Instead, they suggested that, if pressed, they could cut $28 million from their $6.7 billion biennial budget by closing one small state jail in Houston. New executive director Brian Collier told the Houston Chronicle that cutting further would require "reductions in convict health care, meals, as well as prison and parole operations." The Chron helpfully broached the question of whether other units might make the closure list:
Agency spokesman Jason Clark said the state's prisons currently are operating about 2 percent below capacity, with another 2,500 beds mothballed because of a chronic shortage of guards.Perhaps some of those facilities with mothballed beds should be shuttered altogether, if they can't be safely staffed and the beds are laying fallow, anyway.
Three years ago, the agency closed its first prison in more than a century - the Central Unit in Sugar Land - and since has closed two others.
Senate Criminal Justice Committee Chairman John Whitmire suggested several units in Fort Bend County might be prime targets for closure:
"Yes, there are discussions going on about closing more units. I've been in on them," he said Thursday. "The state has a number of old, inefficient and remote units that we should consider merging or closing to spend taxpayer dollars more efficiently."That's exactly the right path: In 2011, TDCJ suggested similar cuts to services, particularly to health care, which ultimately had to be rescinded. That episode should have demonstrated to legislators that, in order to make cuts in TDCJ's massive budget - which they boosted just two years ago by $458 million to cover current incarceration levels - they must reduce the number of inmates the agency incarcerates.
On Whitmire's list: Relocate the faith-based transition program at the aged Vance Unit in Richmond to another unit and sell the valuable site for housing development that surrounds it. He also would like to see the state combine or close three Jester Unit prisons nearby and move those inmates to five other state prisons.
Whitmire said he plans to push for additional closures as an alternative to cutting guards and compromising health care, if the mandated 4-percent cut is not rescinded.
There's another batch of prisons Whitmire and Co. should consider for closure next year if closing those prisons in Fort Bend can't be quickly or easily accomplished: Four privately operated state jails have their contracts end in August 2017. Unlike state operated facilities, which take time to shutter and close, the state could rid itself of those expenses immediately upon the commencement of the new fiscal year in September 2018. News that the feds will stop using private prisons perhaps will inspire legislators and the agency to take a second look at this option. That's the quickest, easiest way to reduce capacity and spending.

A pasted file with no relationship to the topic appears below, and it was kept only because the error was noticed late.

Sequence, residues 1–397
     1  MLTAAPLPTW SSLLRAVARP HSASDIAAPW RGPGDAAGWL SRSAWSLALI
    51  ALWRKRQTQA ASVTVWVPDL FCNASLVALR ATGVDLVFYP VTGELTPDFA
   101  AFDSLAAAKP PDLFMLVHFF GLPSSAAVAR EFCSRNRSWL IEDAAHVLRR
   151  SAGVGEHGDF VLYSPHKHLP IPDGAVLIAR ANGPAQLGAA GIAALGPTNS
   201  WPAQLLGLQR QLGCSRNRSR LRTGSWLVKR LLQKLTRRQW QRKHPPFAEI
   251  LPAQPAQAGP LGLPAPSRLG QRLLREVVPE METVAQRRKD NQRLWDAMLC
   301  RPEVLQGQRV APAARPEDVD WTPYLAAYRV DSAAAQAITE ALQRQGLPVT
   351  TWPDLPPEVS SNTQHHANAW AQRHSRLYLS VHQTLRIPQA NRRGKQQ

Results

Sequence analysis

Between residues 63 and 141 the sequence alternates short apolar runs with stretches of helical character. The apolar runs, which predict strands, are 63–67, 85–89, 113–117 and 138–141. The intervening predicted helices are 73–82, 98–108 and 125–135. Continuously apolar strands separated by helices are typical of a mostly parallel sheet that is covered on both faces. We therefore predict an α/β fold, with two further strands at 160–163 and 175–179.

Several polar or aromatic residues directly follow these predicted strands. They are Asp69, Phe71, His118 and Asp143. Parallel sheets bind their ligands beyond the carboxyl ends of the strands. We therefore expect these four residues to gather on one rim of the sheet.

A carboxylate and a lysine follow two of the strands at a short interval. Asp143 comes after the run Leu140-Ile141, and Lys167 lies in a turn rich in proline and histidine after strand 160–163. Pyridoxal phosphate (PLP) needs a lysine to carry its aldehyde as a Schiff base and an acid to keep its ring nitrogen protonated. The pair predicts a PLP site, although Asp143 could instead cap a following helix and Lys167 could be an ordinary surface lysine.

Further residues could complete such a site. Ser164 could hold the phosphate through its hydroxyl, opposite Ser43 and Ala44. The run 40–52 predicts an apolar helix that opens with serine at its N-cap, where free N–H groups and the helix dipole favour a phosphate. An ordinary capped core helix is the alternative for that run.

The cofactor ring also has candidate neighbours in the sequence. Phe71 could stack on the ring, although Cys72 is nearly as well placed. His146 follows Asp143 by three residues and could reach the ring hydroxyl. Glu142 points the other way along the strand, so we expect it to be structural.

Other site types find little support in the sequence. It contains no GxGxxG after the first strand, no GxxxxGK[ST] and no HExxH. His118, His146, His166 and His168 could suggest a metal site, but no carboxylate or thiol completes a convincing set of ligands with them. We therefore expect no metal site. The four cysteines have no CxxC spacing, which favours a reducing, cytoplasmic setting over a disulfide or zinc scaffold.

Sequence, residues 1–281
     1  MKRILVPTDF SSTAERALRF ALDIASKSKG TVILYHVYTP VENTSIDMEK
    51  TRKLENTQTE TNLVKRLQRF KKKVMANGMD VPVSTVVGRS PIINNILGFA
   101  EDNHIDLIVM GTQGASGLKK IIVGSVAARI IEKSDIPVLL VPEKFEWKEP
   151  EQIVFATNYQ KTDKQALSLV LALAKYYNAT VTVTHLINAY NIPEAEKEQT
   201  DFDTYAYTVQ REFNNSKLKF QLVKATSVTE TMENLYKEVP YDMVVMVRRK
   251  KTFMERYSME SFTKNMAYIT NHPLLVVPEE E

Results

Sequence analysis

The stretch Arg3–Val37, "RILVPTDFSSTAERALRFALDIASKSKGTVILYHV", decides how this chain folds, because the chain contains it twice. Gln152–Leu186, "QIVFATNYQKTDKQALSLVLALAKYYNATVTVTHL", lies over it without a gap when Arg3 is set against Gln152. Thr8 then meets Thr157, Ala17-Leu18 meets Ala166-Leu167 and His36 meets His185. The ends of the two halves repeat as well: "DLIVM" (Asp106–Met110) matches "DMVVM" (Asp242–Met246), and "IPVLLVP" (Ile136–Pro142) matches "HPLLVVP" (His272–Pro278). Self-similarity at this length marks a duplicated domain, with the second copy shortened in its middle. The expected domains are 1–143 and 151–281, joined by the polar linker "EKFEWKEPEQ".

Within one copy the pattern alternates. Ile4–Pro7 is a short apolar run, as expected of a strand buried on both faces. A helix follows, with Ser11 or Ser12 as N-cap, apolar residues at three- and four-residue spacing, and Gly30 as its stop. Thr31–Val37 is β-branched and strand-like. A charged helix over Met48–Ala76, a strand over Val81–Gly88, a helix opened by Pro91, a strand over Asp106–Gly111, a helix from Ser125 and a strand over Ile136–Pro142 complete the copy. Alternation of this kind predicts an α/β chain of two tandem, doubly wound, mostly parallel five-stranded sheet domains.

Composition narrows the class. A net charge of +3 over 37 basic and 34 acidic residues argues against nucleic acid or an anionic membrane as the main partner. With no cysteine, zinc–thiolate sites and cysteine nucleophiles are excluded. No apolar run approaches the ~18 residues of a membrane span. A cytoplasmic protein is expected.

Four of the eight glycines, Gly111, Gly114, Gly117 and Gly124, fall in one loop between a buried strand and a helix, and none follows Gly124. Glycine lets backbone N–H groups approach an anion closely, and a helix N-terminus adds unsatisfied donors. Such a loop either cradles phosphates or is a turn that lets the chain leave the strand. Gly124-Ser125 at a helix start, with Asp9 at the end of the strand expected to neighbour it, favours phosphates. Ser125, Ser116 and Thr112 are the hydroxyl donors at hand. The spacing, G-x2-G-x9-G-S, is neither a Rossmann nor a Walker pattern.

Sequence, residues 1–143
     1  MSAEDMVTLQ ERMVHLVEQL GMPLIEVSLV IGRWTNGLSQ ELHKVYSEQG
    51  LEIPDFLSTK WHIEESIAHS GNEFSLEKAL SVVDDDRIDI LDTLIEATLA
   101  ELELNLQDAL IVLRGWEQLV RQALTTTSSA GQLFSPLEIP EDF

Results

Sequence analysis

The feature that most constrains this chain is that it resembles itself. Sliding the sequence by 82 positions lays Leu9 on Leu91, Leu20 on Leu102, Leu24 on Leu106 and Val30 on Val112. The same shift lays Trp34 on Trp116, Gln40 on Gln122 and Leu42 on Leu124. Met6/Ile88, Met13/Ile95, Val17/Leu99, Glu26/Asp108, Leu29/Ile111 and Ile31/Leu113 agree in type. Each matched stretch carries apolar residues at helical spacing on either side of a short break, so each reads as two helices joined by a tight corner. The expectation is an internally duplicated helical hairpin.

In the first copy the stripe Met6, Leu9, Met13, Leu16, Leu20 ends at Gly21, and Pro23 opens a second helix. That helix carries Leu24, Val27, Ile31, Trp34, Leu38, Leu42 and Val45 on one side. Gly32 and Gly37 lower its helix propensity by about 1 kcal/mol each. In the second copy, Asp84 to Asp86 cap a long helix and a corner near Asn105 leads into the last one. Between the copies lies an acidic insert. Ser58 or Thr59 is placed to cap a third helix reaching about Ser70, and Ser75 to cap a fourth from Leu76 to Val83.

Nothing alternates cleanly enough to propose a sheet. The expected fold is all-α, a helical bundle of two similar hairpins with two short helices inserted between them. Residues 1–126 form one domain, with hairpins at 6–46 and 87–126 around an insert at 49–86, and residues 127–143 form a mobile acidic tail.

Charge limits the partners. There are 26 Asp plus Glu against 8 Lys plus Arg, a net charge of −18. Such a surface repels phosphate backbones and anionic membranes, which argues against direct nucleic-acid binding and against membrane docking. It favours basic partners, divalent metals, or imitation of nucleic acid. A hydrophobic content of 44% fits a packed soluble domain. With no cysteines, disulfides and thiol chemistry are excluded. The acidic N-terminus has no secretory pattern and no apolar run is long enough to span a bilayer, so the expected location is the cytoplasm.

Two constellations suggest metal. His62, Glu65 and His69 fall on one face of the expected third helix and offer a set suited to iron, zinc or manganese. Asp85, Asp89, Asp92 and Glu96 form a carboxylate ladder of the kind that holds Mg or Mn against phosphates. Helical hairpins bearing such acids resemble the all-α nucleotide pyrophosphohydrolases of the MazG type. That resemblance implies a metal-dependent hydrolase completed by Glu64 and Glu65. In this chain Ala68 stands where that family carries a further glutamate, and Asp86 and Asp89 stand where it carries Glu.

Most importantly, to sustain and advance this prison-closure trend the Texas Lege must continue along the path to decarceration begun last session by increasing property theft thresholds, a move which has pushed down incarceration levels with no discernible harm to public safety. Reducing penalties for low-level drug possession and other offenses overcharged as felonies arguably is the next step down that path. And Grits would like to see renewed efforts to reduce technical revocations of probationers to prison, a trend which continues to drive high incarceration levels.
Do that and, by 2019, Texas could likely close not just the state jail in Houston and the four private units Grits identified, but also the facilities in Fort Bend mentioned by Sen. Whitmire. Closures primarily make sense coupled with amplified legislative efforts toward broader decarceration, or else they'll turn out to be a short-term fix.
See related Grits posts:
- TDCJ should suggest letting private prison contracts expire to save money
- TDCJ must reduce incarceration levels to cut a quarter-billion dollars
- Pondering potent prison cuts thanks to oil revenue decline
- Which prisons, state jails might Texas close next?
- Which prisons, state jails might Texas close next? Part II